Within HM Inspectorate of Probation, we are committed to reviewing, developing and promoting the evidence base for high-quality youth justice services. We use both research and inspection findings to:

  • inform our understanding of what helps and what hinders youth justice services
  • develop our inspection programmes, guidance and effective practice products
  • consider system-wide change that could help children move towards pro-social and fulfilling lives, while also helping to keep everybody safe.

In this evidence resource, we summarise key research findings, presenting them as concisely as possible. We start with the principle that youth offending work should be evidence based or else evidence led. It is a strategic aim of government that youth offending services should reduce reoffending, while also taking all reasonable steps to keep children and the public safe. In our view, this is most likely if practice is aligned to the evidence base, and if the evidence base grows over time.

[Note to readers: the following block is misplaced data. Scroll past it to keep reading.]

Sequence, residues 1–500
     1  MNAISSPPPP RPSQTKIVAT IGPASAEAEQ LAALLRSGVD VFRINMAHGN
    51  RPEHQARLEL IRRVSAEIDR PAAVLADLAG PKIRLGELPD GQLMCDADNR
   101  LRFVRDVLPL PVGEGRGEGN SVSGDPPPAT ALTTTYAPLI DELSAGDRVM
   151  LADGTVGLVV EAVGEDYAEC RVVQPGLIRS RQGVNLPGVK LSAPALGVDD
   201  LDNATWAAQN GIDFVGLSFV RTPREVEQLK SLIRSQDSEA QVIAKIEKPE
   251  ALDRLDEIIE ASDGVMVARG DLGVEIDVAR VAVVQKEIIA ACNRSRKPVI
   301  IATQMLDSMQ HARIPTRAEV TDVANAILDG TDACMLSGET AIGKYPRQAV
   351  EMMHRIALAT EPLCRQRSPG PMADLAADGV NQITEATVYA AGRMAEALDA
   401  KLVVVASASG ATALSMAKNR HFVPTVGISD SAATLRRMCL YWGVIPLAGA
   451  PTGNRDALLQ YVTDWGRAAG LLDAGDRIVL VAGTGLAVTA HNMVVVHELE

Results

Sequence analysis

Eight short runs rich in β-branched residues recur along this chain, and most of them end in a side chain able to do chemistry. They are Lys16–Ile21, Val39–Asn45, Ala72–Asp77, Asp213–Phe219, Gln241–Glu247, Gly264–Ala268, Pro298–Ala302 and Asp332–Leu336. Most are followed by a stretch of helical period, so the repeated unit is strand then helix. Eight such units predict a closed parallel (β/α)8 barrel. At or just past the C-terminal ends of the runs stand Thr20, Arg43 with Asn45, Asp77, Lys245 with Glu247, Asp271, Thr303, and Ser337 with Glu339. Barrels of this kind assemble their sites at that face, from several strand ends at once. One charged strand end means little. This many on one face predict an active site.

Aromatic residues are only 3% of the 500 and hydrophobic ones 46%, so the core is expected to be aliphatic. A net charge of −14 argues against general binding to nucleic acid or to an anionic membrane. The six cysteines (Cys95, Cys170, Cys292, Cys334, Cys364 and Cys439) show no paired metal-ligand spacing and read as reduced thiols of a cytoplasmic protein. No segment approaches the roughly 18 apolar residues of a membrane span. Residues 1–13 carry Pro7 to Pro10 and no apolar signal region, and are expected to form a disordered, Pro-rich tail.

Diagram shows a circle with 'evidence-informed practice' in the centre and three circles branching off. The three circles read 'Research', 'Experience' and 'Expertise'.

We will continue to develop this evidence resource, making updates when required to reflect the latest research evidence. While there is a growing consensus on key aspects of the delivery of high-quality services, e.g. the importance of an individualised approach and the building of relationships, there remains much scope for expanding and strengthening the evidence base. For example, most research and evaluation studies within youth justice lack an economic component, with the consequence that robust evidence on both the costs and benefits of differing approaches and interventions is generally lacking. Continuing investment in research and evaluation is required, with a commitment to disseminating and promoting the findings.

Next: General models and principles

Last updated: 10 March 2023